There are a range of things for tax advisers to consider, particularly sole practitioners and principals in small firms, if you have not already done so, to manage office closures, remote working and potential sickness.
Business continuity plan
Our Professional Rules and Practice Guidelines emphasise that all members should have in place “a business continuity plan which would ensure the continuity of the business in the event of a serious incident such as fire, flood, major IT systems or security failure or terrorist incident.” While not specifically listed, a pandemic such as this is undoubtedly such an incident. No doubt most members have already dusted off such plans.
For example, you should know the process for redirecting post and phones to a partner or principal’s home, in case the office has to be closed. You will need to make sure that, if you move to operating remotely, any data you possess is still being held and used in a GDPR-compliant way, outside the usual office environment.
One important thing to consider if you are a small practice is whether you have adequate arrangements in place for reciprocal working (e.g. with other local practices), in terms of putting an alternate in place if the sole practitioner or principal has to self-isolate or becomes ill. ATT/CIOT guidance on appointing an alternate can be found here.
Complying with Professional Conduct in Relation to Taxation (PCRT) FAQs
The PCRT FAQs have been updated including what to do if a client has instructed their employees to continue working while furloughed. Further guidance can be found here.
Anti-money laundering (AML) and client due diligence (CDD)
The firms we supervise for AML might need to reconsider how they undertake client due diligence where clients are not met face to face. Our professional standards team have published a new article on our websites providing further guidance.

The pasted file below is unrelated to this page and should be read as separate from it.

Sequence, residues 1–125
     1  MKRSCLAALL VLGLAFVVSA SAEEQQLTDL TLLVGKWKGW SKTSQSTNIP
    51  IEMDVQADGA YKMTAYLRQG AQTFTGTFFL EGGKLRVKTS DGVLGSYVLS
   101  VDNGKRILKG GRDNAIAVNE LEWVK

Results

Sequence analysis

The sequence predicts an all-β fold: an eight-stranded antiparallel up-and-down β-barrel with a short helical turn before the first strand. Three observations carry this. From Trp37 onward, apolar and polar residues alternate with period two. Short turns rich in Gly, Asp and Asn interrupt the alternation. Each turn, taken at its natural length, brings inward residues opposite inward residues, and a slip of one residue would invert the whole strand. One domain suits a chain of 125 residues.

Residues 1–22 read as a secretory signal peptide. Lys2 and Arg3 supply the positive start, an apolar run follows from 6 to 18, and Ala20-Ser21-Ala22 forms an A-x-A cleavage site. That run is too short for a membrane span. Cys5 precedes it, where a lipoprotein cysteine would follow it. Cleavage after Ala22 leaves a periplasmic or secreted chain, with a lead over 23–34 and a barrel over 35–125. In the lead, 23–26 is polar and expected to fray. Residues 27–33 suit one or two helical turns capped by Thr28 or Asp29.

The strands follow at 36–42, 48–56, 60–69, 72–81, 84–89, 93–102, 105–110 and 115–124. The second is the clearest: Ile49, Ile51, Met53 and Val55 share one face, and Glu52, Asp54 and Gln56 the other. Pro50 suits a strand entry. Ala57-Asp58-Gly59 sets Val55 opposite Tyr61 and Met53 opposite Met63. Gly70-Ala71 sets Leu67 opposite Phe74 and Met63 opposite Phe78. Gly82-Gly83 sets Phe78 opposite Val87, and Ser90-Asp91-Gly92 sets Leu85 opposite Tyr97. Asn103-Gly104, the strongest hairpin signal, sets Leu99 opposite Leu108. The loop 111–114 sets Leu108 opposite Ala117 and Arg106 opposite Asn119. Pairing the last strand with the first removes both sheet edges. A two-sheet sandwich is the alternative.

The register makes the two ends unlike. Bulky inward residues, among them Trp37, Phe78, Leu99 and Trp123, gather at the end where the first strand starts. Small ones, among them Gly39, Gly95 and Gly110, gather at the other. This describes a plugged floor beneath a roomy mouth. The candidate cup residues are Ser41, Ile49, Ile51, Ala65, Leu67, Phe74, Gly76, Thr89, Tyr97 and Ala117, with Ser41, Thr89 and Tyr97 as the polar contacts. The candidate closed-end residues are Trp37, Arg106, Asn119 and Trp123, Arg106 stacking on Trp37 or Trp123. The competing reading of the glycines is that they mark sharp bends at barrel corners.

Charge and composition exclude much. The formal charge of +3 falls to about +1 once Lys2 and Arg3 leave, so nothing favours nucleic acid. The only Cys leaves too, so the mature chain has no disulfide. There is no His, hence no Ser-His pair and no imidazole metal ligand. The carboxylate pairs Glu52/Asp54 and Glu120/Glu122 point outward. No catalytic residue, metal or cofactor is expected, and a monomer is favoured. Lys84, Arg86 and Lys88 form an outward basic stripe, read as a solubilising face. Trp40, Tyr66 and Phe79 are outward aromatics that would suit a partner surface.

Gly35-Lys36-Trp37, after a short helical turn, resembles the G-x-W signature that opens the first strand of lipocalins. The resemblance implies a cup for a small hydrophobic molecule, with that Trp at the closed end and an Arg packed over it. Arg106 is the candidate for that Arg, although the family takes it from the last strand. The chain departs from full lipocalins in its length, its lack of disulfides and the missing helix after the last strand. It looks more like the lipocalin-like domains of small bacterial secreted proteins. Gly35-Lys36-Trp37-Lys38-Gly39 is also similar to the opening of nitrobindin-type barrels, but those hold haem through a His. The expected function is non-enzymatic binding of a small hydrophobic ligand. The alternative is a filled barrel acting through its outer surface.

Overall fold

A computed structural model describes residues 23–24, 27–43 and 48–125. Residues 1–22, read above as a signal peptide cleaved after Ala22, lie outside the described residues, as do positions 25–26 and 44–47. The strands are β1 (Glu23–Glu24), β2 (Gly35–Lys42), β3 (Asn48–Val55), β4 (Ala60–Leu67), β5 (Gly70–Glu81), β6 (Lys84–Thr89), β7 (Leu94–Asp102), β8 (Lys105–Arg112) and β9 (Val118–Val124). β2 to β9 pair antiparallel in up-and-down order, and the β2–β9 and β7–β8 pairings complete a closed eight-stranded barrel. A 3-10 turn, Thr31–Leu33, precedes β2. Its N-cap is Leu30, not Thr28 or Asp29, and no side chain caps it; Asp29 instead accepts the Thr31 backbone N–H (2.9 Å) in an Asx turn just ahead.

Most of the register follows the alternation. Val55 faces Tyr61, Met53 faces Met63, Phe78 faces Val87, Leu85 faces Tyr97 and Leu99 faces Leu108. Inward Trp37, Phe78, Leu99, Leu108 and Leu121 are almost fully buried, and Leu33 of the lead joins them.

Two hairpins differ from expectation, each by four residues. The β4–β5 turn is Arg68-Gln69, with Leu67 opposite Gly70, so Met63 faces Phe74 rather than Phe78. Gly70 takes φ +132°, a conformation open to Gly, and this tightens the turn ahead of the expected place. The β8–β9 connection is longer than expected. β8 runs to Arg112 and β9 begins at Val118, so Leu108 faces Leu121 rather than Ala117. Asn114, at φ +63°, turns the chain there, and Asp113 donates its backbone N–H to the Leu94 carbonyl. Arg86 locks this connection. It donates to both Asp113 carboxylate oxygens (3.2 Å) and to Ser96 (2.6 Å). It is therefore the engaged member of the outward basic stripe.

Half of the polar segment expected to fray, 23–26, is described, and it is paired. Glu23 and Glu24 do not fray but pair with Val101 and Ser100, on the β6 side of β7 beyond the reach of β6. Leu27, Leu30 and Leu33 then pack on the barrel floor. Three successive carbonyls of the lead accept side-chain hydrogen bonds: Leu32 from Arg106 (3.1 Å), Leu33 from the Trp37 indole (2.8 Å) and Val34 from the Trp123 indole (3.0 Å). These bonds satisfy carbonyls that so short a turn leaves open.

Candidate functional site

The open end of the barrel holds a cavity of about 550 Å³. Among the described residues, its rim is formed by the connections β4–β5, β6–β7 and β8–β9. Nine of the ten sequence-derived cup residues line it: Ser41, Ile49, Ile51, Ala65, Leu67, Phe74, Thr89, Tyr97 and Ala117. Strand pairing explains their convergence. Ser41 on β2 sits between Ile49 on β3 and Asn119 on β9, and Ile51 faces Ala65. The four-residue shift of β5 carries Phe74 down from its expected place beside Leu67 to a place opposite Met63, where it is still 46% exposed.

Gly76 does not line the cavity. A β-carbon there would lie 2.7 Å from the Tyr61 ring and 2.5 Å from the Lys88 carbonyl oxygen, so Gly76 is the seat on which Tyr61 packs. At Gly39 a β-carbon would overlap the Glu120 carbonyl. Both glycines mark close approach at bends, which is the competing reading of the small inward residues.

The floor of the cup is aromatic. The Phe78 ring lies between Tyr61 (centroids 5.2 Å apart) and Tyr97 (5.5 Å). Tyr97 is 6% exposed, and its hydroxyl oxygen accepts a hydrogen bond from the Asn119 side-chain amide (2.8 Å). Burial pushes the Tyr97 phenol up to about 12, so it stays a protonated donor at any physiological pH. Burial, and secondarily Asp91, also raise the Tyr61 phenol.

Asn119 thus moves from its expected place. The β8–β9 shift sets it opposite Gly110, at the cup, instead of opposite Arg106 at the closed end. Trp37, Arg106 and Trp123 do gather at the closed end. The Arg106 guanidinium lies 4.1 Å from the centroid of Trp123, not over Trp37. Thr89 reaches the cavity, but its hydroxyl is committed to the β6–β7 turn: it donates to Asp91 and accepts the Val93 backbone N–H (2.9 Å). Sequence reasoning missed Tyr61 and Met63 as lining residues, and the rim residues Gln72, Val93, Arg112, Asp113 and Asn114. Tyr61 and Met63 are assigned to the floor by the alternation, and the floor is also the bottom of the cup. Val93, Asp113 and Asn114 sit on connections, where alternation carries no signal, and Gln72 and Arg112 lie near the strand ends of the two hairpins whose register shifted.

Managing AML Risk
In times of uncertainty, managing risk can be difficult. However, it is sensible in such uncertain times to establish a thorough contingency plan. Make sure that you have support for your MLRO, which may include if possible appointing a deputy in case the MLRO becomes unwell, so that it is not all on one person’s shoulders. Also, consider whether your firm’s written AML policies and procedures need to be updated to cover changes you may have introduced as a result of Covid-19 such as adapting your CDD processes or where you may be using technology more to meet your regulatory requirements.
What will happen if I am due to have an AML visit?
Following recent Government guidance, CIOT and ATT will not be carrying out onsite AML visits for the foreseeable future and have moved to doing all their own meetings with supervised firms via phone and video calls.
Comment from OPBAS
OPBAS has indicated that AML Supervisors are expected to maintain the usual level of supervisory activity during the Covid Crisis and have provided us with the following comment:
“We support the communication HMT made on supervisors reminding firms that they must continue to comply with their obligations under the Money Laundering Regulations, while encouraging them to make use of the flexibility in the regulations and guidance to be pragmatic in their application of the regulations. We would expect firms to have regard to the guidance issued by their professional supervisor, in particular when considering alternatives to face-to-face identification of verification of customer identity. Where customers cannot produce a document required for CDD purposes due to the epidemic, firms should consider whether there are any other ways of being reasonably satisfied as to the customer’s identity.